Graphite is a naturally-occurring form of crystalline carbon. It is a native element mineral found in metamorphic and igneous rocks. Graphite is a mineral of extremes. It is extremely soft, cleaves with very light pressure, and has a very low specific gravity. In contrast, it is extremely resistant to heat and nearly inert in contact with almost any other material. These extreme properties give it a wide range of uses in metallurgy and manufacturing.
Graphite From Regional Metamorphism (Flake Graphite)
Most of the graphite seen at Earth's surface today was formed at convergent plate boundaries where organic-rich shales and limestones were subjected to the heat and pressure of regional metamorphism. This produces marble, schist, and gneiss that contain tiny crystals and flakes of graphite.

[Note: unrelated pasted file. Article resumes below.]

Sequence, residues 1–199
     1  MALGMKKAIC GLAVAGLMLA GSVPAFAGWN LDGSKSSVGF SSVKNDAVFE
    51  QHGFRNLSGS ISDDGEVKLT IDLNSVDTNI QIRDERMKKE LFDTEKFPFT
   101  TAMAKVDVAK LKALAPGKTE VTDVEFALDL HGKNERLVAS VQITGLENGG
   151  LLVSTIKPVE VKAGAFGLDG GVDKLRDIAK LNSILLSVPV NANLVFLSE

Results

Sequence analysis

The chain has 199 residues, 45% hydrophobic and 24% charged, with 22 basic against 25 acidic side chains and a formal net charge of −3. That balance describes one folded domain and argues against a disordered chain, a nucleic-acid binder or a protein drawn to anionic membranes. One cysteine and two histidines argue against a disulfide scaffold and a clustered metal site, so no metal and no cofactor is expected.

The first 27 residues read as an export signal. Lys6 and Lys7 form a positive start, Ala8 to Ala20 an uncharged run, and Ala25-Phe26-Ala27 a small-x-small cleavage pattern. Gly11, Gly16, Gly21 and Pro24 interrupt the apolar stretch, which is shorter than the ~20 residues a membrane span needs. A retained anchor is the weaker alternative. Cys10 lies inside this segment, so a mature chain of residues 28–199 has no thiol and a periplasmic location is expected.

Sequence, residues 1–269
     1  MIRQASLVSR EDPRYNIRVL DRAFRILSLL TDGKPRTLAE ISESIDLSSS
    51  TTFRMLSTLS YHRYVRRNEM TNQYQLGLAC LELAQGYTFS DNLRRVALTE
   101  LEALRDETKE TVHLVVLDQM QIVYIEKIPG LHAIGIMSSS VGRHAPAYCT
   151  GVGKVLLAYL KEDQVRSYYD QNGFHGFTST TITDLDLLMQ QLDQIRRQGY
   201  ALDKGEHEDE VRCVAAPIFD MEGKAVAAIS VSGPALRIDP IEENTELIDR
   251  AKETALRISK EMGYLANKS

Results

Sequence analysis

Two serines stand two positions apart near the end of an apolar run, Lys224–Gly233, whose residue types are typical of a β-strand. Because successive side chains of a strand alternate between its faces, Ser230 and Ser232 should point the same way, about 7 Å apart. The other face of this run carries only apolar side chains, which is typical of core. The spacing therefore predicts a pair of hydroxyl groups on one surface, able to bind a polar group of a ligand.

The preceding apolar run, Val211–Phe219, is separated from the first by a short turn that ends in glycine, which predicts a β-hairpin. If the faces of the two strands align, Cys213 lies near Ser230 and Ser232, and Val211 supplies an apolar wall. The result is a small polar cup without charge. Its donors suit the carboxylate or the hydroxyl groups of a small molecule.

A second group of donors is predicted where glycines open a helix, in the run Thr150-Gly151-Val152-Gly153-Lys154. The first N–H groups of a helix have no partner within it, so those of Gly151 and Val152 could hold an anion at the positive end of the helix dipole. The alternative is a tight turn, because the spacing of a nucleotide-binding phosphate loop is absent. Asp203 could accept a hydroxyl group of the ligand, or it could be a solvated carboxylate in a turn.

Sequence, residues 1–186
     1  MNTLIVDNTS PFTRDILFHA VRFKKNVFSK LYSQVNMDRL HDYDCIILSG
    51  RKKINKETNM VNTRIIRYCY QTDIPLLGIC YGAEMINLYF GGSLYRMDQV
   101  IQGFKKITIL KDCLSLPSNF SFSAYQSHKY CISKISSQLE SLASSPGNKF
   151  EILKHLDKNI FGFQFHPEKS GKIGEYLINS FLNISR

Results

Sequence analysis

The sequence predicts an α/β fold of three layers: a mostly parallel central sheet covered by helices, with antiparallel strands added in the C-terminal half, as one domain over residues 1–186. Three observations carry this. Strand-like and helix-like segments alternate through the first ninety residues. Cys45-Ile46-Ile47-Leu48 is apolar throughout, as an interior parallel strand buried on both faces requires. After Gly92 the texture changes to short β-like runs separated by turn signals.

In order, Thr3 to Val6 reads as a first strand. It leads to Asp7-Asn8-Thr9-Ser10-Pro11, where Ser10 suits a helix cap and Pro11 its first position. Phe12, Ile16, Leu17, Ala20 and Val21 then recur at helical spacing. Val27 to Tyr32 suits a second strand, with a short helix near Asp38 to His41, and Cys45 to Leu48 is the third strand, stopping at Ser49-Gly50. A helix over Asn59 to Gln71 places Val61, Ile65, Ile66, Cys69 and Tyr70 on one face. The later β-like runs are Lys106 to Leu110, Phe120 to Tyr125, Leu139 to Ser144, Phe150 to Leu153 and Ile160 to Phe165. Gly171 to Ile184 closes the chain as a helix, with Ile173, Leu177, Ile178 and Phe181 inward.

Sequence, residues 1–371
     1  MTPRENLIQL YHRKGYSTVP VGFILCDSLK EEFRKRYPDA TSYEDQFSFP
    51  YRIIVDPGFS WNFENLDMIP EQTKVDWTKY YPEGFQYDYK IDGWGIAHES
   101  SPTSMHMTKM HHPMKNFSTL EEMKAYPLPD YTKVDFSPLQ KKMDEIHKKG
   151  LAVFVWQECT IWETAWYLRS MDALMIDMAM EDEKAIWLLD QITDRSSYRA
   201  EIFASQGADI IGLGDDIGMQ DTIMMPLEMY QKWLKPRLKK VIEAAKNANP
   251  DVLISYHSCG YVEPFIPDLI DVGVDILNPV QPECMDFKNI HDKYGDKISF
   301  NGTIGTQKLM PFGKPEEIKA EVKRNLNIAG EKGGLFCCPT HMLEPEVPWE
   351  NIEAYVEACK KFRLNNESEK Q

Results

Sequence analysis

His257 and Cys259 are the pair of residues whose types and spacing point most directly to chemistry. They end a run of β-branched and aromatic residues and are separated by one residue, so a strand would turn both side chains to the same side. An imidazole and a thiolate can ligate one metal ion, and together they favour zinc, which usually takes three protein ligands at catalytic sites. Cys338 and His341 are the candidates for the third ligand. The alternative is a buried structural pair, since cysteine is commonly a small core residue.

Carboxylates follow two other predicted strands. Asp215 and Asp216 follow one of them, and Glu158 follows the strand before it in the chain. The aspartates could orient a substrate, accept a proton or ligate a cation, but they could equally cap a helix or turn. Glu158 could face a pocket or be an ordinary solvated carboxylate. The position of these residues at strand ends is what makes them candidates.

When graphite is in high enough concentrations, these rocks can be mined, crushed to a particle size that liberates the graphite flakes, and processed by specific gravity separation or froth flotation to remove the low-density graphite. The product produced is known as "flake graphite."
• 1 ton net big bags (palletised) or 1,125 ton;
• dual 50 kg bags (net weight) inner polyethylen bag, outer polypropylen bag (in bulk);
• dual 25 kg bags (net weight) inner polyethylen bag, outer polypropylen bag (in bulk);
• the 25 kg and 50 kg bags can be stacked in 1 ton open top big bags (palletised);